Why ODM cannot walk the talk on fighting corruption
Published on December 13, 2007, 12:00 am
By Dr Peter Kagwanja
The ODM manifesto promises to provide Kenyans with an “accountable leadership and an ethical governance agenda”. But some of its leaders are tainted by decades of involvement in corruption. The manifesto shows a monumental gap between the party’s promise and capacity to deliver.
More critically, the document exposes the nerve to smoother issues of integrity. The integrity gap in the ODM manifesto is even more egregious in the slipshod pledge to give Kenya a new Constitution within six months “to ensure executive accountability, equity and devolution of power”. ODM, like other parties, has its share of leaders implicated in high-profile corruption.
The manifesto seems designed to re-brand its leaders as anti-corruption paragons, enabling them to gatecrash into the national moral high ground. Some of the axial players in ODM are in their fourth reincarnation — from Kanu to Liberal Democratic Party, which secured them a new lease of life in the National Rainbow Coalition, as part of the team that promised zero-tolerance to corruption.
The ODM manifesto is rewriting history. It whitewashes the party leadership and repackages them as anti-corruption knights. The party is turning corruption into an electoral endgame; closing its mind to the old adage that those living in glasshouses should not throw stones.
It fi nds itself in this conceptual mire for simply missing one crucial point: Corruption pervades the entire population. The ODM manifesto is tall as a vote-catching document, but short on strategy. Its architects seem not to come to grips with the national context of corruption, a sine qua non (prerequisite) for a watertight anti-graft strategy. The manifesto tees off by trashing the offi ce of ‘corruption czar’.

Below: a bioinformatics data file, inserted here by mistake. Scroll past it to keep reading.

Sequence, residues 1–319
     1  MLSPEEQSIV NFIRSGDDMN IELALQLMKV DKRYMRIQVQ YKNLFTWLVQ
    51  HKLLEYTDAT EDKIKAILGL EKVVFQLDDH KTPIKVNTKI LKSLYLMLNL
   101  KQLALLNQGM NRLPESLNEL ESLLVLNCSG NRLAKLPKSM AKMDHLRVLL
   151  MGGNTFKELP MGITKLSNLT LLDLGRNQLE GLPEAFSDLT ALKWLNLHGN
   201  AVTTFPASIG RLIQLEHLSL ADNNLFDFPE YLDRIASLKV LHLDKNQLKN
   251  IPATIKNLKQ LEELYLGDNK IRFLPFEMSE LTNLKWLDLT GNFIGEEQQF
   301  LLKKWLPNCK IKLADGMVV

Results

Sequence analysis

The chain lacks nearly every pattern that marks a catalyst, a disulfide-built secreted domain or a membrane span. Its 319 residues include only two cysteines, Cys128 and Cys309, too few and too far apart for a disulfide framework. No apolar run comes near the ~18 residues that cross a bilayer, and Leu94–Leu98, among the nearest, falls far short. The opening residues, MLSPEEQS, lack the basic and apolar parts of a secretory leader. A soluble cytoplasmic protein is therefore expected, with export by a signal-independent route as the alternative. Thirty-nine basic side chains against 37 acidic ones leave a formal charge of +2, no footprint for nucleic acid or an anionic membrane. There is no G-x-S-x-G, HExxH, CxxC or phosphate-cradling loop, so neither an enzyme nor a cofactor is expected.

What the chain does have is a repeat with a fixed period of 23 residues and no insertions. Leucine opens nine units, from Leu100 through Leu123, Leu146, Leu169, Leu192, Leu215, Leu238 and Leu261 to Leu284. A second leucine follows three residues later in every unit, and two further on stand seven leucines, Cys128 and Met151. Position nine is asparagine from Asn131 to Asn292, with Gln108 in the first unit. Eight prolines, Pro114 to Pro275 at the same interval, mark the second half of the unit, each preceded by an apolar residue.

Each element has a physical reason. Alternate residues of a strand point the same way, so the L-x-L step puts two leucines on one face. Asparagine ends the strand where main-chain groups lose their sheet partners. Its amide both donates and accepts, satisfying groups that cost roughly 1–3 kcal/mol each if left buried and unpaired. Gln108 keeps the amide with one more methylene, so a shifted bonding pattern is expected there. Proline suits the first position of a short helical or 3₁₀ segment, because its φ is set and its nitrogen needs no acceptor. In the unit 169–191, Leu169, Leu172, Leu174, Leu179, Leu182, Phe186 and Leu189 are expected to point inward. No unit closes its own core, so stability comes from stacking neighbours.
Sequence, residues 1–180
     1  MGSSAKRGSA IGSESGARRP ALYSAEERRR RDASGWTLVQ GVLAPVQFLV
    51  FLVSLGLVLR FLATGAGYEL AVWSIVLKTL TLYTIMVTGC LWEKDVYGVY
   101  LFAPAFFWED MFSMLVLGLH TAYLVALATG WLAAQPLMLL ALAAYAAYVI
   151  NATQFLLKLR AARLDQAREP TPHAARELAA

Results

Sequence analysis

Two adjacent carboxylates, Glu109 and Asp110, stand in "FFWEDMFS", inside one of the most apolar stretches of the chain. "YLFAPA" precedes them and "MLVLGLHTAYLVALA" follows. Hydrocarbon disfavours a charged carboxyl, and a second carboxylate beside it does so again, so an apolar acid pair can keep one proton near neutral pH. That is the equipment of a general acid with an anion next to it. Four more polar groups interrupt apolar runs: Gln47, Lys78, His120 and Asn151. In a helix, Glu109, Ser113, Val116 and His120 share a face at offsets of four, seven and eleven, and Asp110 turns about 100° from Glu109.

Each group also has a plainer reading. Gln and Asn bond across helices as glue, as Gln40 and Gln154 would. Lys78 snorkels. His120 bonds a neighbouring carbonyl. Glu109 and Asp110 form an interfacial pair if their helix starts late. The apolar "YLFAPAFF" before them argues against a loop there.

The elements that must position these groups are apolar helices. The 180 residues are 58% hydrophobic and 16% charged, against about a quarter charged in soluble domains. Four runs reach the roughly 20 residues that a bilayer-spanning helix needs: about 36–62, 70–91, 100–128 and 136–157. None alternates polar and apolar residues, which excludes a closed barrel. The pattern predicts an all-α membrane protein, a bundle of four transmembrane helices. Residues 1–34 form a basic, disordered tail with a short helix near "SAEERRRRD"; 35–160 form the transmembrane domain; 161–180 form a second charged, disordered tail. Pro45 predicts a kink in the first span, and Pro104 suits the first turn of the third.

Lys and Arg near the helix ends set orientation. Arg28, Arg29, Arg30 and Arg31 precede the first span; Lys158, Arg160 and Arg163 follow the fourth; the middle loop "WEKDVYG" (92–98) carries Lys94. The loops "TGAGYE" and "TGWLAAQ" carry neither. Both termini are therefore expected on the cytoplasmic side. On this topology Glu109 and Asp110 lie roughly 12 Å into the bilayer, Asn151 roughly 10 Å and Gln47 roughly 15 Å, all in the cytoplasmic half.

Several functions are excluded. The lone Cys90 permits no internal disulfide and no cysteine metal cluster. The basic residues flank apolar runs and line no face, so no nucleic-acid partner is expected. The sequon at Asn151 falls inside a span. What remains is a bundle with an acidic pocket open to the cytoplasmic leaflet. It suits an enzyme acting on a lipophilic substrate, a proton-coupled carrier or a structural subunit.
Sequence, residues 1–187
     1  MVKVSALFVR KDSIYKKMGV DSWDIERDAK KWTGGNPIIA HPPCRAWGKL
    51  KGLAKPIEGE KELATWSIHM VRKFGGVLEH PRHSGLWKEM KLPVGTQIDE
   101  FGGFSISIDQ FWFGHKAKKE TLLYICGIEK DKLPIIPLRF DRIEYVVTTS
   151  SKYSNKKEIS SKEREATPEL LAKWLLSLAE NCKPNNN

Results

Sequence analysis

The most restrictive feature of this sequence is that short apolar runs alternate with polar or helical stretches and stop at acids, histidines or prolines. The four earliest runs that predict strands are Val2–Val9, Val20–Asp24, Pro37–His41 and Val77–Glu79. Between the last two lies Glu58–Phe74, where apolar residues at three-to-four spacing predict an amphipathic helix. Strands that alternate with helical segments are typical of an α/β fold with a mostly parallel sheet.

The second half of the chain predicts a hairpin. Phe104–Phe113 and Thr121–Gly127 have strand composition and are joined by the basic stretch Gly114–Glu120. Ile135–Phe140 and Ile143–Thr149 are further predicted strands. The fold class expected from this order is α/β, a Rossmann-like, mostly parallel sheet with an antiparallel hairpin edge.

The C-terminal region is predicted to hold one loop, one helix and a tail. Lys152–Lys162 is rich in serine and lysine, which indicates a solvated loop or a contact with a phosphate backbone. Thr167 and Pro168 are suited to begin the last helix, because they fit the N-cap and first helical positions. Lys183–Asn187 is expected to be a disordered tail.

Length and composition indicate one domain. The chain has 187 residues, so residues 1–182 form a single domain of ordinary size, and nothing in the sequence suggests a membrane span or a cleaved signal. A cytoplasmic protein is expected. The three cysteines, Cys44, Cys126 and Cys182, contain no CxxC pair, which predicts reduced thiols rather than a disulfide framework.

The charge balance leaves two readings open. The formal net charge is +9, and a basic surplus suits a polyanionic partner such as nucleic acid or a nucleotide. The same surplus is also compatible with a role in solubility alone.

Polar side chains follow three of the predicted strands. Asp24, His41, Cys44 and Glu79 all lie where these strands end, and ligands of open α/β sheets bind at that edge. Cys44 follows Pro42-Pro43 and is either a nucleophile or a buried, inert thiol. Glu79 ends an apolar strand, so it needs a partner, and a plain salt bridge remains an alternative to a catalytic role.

Yet ODM has always feted Mr John Githongo, the former Permanent Secretary for Ethics and Governance, now crowned as “anti-corruption czar” for whistle blowing. It is this office, which nabbed new entrants into the mega-corruption game.
The party promises to rationalise the expensive tenure of the Anti-Corruption Commission. I am afraid this appears like a sharpening of the axes to bring down Justice Aaron Ringera and his team.
The ODM pledges to establish a Truth and Restitution Commission to bring closure to past corruption crimes. But it is not clear how it intends to proceed on asset recovery, amnesty and restitution.
Does the ODM plan to resort to presidential fiat in recovery? The manifesto undertakes to work with the UN and the World Bank under the Stolen Asset Recovery Initiative. How does ODM plan to execute this in regard to its own?
The party pledges to review public procurement laws and procedures to make them transparent and corruption-free. The Government has already reviewed procurement laws and procedures in the civil bureaucracy. ODM promises to implement the Public Offi cer Ethics Act and transparency, but isn’t the party not acknowledging that these instruments have been implemented?
Again, rather than focus on the missing links in the system, the ODM sets out on a fl ower-catching rendezvous.
The writer is based in Pretoria, South Africa